Every criticism levied at this week’s other prog reviews apply in no sense or shape to this wonderful album. Fitalic is an utter geezer – I just wish he chose a slightly different artist name so that he doesn’t get mixed up with Fatali.
Lost In Space is one of the most beautiful introductions to an album I have ever come across. It’s mellow, it’s chilled, it’s divine – it clears the sonic palate from the aftertaste of whatever your stereo’s just been playing, and sets the scene for what turns out to be a warm, memorable, enjoyable journey. Liquid Motion layers masterfully up to a break with an incredible melody – simple, Balearic, effective stuff which – let’s try to stay to our roots ladies and gents – is exactly what this sort of music is supposed to be about.
Atomic Atmosphere has a compulsive, hypnotic hook: you can’t help but be drawn in to what’s going on. Reverb-heavy peripheral sounds all mount up, so that you become very aware of the patches of silence in the music; which, on occasion, is rather a lot. The Way, on the other hand, has much more going on – it’s a subtly swirling little fella, with some eyepopping moments that are liable to have a dancefloor seriously thanking their lucky stars they came out this weekend and didn’t stay in watching reality TV.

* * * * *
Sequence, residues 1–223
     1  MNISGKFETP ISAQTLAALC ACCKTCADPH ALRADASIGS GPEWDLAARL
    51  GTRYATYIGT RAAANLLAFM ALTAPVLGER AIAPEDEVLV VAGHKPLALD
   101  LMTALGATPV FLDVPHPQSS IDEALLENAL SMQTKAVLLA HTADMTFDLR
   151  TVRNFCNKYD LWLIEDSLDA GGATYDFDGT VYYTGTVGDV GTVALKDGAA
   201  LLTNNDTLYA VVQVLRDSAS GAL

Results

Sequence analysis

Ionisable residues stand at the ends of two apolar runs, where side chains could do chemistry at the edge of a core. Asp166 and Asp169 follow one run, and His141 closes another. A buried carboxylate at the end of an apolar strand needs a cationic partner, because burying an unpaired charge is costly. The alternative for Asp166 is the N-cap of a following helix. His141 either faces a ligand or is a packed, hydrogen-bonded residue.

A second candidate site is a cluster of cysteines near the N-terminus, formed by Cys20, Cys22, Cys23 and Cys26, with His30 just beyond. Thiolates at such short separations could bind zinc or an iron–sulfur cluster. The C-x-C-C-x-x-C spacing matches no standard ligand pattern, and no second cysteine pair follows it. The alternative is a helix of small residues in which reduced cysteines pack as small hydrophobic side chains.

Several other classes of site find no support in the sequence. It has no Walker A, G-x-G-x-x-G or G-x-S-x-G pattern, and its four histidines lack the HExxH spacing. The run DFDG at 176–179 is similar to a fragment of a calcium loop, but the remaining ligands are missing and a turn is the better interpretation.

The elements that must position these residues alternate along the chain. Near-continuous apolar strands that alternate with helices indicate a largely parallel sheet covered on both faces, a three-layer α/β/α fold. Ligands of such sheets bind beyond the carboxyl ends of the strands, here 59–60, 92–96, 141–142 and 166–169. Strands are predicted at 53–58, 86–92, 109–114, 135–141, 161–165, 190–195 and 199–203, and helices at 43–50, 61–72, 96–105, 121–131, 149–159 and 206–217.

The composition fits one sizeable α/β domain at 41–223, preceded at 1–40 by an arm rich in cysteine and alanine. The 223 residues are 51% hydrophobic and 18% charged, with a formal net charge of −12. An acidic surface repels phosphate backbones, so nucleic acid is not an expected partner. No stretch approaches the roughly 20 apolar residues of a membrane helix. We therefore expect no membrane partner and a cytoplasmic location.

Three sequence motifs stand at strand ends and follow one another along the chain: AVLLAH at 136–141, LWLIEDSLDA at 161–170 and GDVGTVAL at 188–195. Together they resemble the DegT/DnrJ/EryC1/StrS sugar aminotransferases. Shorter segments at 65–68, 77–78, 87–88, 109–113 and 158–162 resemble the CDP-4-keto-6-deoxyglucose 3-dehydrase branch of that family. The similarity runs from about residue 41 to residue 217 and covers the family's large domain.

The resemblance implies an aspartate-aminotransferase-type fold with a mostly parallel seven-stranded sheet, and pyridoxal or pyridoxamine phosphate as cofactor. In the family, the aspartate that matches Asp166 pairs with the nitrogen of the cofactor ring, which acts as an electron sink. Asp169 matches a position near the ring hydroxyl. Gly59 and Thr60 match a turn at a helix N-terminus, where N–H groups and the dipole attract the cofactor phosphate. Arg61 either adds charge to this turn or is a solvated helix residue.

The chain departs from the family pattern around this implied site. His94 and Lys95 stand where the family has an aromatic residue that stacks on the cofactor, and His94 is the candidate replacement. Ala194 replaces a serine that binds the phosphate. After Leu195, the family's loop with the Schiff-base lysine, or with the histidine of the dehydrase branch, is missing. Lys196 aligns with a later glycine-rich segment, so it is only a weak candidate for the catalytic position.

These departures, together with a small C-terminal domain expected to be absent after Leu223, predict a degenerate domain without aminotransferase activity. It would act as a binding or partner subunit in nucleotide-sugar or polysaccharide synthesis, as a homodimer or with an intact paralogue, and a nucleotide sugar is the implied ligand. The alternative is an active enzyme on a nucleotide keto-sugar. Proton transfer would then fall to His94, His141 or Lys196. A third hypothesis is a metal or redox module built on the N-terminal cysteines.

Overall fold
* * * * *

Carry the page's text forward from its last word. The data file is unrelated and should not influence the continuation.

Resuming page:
Airflow is sheer genius. The fastest track on the album – a heady 132bpm – sees the 4-4 dropped in favour of a simple, crisp breakbeat and it works a charm. Manufactured Miracles is s a seriously good bit of techno-friendly club chunkiness. It’s four very much on the floor, with a drop toward the end that’ll have you gritting your teeth in delight.
Into The Night has a darker, angrier tone and while it’s an impressive piece of musical dynamism, it’s not his best here. Twisted Diffusion is a tribal masterpiece, with percussive texturing driving it along through a seedy house underground and out into the morning, sunglasses on, to clamber into a taxi, twitching and smelling of vodka. Finally, Distructible (sic) ties-in the melodic and the tribal, into one delectable whole; music that your mate’s mate who’s into “serious” house music will adore as much as your other mate’s mate who’s a Hawtin snob.
And that sort of sums it all up really: Fitalic has created an album with incredible diversity, yet all within a single modus operandi. The production quality is staggering (especially loud) and it’s a bloody good album whether you plan to DJ it, have it on in the car, shag to it, or buy it for your brother for Christmas. Good stuff.